The Young Stranger

The Young Stranger is a 1957 low-budget drama film, the directorial debut of John Frankenheimer. Starring Academy Award winning actress Kim Hunter and James MacArthur, it was based on the teleplay Deal a Blow by Robert Dozier.

The Young Stranger
Directed byJohn Frankenheimer
Produced byStuart Millar
Screenplay byRobert Dozier
StarringJames MacArthur
Music byLeonard Rosenman
CinematographyRobert Planck
Edited byEdward A. Biery (as Edward Biery Jr.), Robert Swink
Distributed byRKO Teleradio Pictures
Release date
  • April 7, 1957 (1957-04-07) (New York City)[1]
Running time
84 minutes
CountryUnited States
LanguageEnglish

Plot

Teenage delinquent Hal Ditmar is the son of a wealthy film producer, Tom Ditmar. Hal lives with his mother and father yet does not work and contributes nothing to the household. Hal gets into an argument in a theater, which ends with Hal hitting the theater manager. Neither the police nor Hal's father believe his claim that he acted in self-defense; however, when Mr. Ditmar discusses the matter with Sgt. Shipley, the police consider the delinquent act more serious than does the father. Mr. Ditmar takes Hal home and berates him. The next day, Hal is teased at school and considered a bad influence by other parents. Because his father won't believe him, Hal questions his father's love for him; however, Hal's mother tells him that his father once told her Hal was the only thing he did love, implying that Mr. Ditmar did not love her. At dinner, Mr Ditmar tells Hal the police want to see Hal the next day, but does not tell him why. At bedtime, Mrs. Ditmar tells Mr. Ditmar she has considered separation for five years. Mr. Ditmar tells her he loves her, but she leaves the bedroom. The next day, the police offer to keep Hal's transgression out of juvenile court if he will confess. Hal refuses. The theater manager drops the charges because of Mr. Ditmar, and to give Hal a break. Asked to at least apologize, Hal arrogantly refuses. Mrs. Ditmar apologizes for Hal and promises no more trouble.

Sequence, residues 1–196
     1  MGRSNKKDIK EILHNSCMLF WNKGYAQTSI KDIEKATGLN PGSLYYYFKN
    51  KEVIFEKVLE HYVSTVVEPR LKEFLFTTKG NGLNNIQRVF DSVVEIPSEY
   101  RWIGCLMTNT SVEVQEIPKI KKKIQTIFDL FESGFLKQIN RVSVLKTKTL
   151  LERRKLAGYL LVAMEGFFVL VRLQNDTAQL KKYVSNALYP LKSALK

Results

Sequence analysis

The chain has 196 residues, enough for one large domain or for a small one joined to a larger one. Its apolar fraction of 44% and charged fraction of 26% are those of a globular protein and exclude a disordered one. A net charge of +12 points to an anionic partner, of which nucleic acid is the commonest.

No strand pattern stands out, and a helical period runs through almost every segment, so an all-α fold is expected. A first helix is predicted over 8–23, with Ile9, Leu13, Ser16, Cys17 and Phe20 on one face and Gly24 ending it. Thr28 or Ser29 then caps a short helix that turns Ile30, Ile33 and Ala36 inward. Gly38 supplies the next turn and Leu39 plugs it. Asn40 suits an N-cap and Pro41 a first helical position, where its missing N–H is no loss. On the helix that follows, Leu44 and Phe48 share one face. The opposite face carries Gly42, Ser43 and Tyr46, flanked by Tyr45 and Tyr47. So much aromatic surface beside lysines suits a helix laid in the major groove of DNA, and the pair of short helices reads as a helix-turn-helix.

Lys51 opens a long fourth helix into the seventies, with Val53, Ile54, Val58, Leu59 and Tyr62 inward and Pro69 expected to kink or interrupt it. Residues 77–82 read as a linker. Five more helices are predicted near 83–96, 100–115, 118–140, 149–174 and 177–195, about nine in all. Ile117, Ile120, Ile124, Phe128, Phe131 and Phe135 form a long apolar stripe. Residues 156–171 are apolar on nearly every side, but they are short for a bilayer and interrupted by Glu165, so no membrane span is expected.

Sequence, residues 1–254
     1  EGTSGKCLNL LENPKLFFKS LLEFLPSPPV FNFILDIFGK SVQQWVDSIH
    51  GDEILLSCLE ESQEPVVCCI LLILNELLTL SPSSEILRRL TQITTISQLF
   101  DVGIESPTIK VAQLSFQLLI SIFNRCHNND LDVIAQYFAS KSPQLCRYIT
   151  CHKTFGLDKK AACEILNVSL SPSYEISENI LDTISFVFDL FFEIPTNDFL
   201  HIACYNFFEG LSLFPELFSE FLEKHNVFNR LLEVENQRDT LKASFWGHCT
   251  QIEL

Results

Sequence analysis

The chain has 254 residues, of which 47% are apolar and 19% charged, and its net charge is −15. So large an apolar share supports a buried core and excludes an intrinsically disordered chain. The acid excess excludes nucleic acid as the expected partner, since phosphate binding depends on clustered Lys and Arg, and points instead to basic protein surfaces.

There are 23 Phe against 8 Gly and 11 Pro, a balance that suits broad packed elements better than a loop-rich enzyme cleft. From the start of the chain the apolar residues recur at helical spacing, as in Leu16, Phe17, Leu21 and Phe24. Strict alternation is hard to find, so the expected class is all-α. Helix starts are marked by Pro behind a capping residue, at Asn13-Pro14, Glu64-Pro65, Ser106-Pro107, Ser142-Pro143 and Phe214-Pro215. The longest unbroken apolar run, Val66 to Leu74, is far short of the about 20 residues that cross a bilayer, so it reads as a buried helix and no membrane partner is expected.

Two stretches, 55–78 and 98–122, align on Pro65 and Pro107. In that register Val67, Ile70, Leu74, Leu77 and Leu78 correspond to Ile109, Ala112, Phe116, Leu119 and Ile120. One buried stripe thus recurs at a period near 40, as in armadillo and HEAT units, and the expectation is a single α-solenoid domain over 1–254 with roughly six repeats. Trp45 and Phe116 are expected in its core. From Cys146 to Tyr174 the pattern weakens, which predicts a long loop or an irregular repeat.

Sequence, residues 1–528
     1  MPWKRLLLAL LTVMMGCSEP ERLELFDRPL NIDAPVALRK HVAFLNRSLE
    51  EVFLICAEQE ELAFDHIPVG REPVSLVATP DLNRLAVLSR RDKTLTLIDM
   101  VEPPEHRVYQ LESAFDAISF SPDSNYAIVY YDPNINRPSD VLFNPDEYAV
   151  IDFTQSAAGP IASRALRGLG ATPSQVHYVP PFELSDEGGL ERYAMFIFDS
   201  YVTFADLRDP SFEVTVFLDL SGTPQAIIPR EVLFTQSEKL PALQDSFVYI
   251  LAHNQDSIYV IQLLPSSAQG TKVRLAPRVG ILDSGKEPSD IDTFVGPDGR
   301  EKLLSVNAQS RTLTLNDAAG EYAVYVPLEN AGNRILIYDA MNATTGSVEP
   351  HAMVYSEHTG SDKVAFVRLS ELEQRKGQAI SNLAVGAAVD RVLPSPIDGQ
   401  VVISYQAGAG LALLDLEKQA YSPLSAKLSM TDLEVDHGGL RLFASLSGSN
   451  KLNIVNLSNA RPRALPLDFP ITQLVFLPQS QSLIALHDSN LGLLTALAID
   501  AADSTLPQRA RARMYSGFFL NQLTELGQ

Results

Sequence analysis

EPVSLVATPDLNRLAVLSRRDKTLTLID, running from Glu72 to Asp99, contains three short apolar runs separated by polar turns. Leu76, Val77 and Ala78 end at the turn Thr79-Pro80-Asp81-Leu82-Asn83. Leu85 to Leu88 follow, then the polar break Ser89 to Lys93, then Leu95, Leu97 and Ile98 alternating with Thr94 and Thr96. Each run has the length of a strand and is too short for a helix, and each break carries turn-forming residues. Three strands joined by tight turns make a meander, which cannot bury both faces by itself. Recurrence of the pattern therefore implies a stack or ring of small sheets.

Mr. Ditmar learns of Hal's surly behavior at the police station and threatens to ground him. Hal explodes telling his father that he doesn't even know him and only talks to him when he's upset with him. Prohibited from driving, Hal leaves on his bicycle. Mrs. Ditmar tells her husband that he only sees Hal at dinner and Hal doesn't even know his father loves him. Hal goes to the movie theater and apologizes to the theater manager, but wants the manager to explain to Mr. Ditmar that it was self-defense. The manager refuses and the two begin scuffling which ends with Hal hitting the manager once again. Back at the police station, Hal explains to Sgt. Shipley what happened, but doubts he will believe him. Sgt. Shipley questions the manager about the first assault. The manager admits Hal acted in self-defense, but denies the second assault was self-defense. Sgt. Shipley doesn't believe the manager; and asks Mr. Ditmar why he didn't believe Hal the first time. Mr. Ditmar says he didn't think believing Hal was important, and realizes he was wrong. Mr. Ditmar tells Hal about the manager's admission, and tells Hal he's glad he hit the manager and not him. They leave the police station with Mr. Ditmar putting his arm around Hal.

Cast

References

  1. "The Young Stranger: Detail View". American Film Institute. Retrieved June 2, 2014.


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